A perennial challenge for any non-profit organization is to balance the mission of serving others, for the benefit of humanity, with the management basics required for the organization’s survival and growth. Both sides of the house, program management and business management, require experience and skill sets particular to each functional area to be successful. The latter focuses more on the heart, in the sensitive intricacies of caring and compassion involved in serving others. The former demand a pragmatic view and sometimes involves making difficult and unpopular decisions. Non-profit organizations are important to the well-being of society and their very survival is often dependent upon having strength in both, seemingly dichotomous domains.
What this challenge highlights, at the core of many organizations, is a constructive abrasion between departments or groups. In many cases, the mission of a particular department inherently conflicts with that of another. For example, the customer service department may promise a delivery that the transportation department cannot make. Or, the business planning department may focus on growth numbers, while ignoring quality of the program(s). Or, the program development department may bring on a client that falls outside the parameters of successful program delivery. Think of constructive abrasion as a form of checks and balances in its healthiest form, by which different departments challenge each other to be the best they can be. In a less healthy form, it often leads to inefficiencies and organizational dysfunction that prevent people and the organization from achieving their goals.
No simple and formulaic answers exist to solve the inherent difficulty of divergent groups working together. However, we recommend the following initiatives for non-profits to undertake. Besides inherently moving the organization forward in supporting the core mission, an intrinsic benefit is the collaborative nature of successfully completing these initiatives and bringing the organization closer together for its purpose and raison d’être.
First, there are components of strategic planning that many organizations undertake on an annual or other periodic basis:
– Develop lasting and resonant statements for vision, mission, and values
– Conduct a broad review of the environmental context outside the organization
– Conduct a hard look at the organization’s strengths, weaknesses, opportunities and strengths (SWOT)
– Develop or update the three-year strategic goals based on the environmental scan and the SWOT analysis, with an actionable plan for how the organization will achieve these goals each year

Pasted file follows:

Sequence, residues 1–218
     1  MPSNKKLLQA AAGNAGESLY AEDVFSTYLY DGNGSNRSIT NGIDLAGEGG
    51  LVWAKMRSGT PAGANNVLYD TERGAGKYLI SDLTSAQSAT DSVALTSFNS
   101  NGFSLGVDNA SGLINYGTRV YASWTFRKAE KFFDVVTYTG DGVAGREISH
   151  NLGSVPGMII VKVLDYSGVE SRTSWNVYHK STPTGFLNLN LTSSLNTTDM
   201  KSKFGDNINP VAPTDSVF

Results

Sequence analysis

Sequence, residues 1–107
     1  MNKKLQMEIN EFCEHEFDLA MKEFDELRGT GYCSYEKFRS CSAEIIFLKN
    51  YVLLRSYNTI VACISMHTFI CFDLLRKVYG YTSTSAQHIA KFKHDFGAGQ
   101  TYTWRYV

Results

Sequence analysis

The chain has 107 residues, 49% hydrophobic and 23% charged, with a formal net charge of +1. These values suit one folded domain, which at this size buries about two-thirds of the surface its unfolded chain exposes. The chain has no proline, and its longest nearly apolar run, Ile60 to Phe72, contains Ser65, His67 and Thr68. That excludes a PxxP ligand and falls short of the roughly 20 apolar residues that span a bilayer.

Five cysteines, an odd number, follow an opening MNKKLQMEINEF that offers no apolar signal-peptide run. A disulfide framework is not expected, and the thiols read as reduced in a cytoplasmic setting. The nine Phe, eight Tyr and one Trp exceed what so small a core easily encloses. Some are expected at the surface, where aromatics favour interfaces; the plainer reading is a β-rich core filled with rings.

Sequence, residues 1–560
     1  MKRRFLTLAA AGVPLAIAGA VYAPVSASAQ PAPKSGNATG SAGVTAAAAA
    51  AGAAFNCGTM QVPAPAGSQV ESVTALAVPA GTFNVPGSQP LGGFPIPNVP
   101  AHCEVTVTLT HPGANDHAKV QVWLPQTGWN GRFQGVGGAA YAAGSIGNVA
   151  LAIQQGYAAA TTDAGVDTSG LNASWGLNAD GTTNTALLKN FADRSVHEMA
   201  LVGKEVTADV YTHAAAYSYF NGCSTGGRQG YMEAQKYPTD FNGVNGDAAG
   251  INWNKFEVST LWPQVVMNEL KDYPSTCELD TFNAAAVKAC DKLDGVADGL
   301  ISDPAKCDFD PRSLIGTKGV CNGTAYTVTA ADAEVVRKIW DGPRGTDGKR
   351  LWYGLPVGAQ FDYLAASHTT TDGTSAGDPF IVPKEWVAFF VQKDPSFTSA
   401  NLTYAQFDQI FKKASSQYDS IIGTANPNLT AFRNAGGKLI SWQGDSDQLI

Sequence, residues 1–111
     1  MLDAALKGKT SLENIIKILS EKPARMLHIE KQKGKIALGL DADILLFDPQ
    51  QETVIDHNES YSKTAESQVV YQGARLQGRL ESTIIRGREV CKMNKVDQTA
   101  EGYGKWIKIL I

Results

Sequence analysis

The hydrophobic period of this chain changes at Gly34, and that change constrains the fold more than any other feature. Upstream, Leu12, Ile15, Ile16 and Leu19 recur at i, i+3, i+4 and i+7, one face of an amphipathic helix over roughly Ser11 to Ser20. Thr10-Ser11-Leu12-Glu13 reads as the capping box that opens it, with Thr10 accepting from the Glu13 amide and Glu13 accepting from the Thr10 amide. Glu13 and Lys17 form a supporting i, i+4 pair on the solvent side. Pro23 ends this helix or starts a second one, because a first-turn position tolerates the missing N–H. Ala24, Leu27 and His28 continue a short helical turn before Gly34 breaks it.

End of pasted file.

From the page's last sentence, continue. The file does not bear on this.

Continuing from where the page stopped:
A well-considered communication plan for the Board, key funders and other stakeholders, employees, and the community (as appropriate) will help assure alignment and commitment to the strategic plan. Based on the strategic plan, all initiatives and all departments within the organization need to assure via a documented process that their activities support the strategic goals. If necessary, certain departments may need to clarify their own mission statements to assure they align with other departments. In particular, a disciplined budgeting process would support these goals and help to assure achievement of the strategic goals.
A secondary, but critical set of activities, is to design and define core processes required to support the program and the organization. The level of process development depends on the size of the organization. However, not having accountability in the processes will assure that compliance is loose and the effectiveness of the process degrades. Good process design, particularly at a detail level, also is imperative for assuring the consistent and reliable collection of data. In turn, this data supports the reporting and business intelligence to transform it from bits and bytes into useful information and knowledge.
Often in conjunction with strategic planning and process design, many organizations begin to develop metrics by which they measure themselves against the strategic plan. These key performance indicators (KPIs) typically relate to financially based parameters or are indicators of them. These are obviously important for measuring the health of the organization, but may not measure the quality of the program and delivery of services. This measurement is often the crux in that reliable KPIs are based on some form of data. Relationship-based services may rely on anecdotal indications of service quality that provide insight but are unreliable in determining trends or performance. Working together the business-oriented and the program-oriented folks can identify realistic inputs and processes for gathering the data for reporting the KPIs. The key is developing the best way to collaborate and improve the program and the organization together, as well as appreciating different perspectives on “success.”
From the program delivery folks’ perspective, it’s not all about money and numbers – but managing those is critical for operational survival and growth. While the collection and analysis of data does not develop the relationships and provide the programs’ services, the trend is for evidence-based programs to receive recognition and therefore funding, which is fundamental to survival. Evidence is typically quantitative and therefore driven by data. By working through strategic planning, communicating it effectively, developing effective processes, and creating key performance indicators, a strong organization can become even stronger. The very undertaking of these initiatives and executing them successfully will bring together divergent parts of an organization for their common mission.
By James Middleton, Director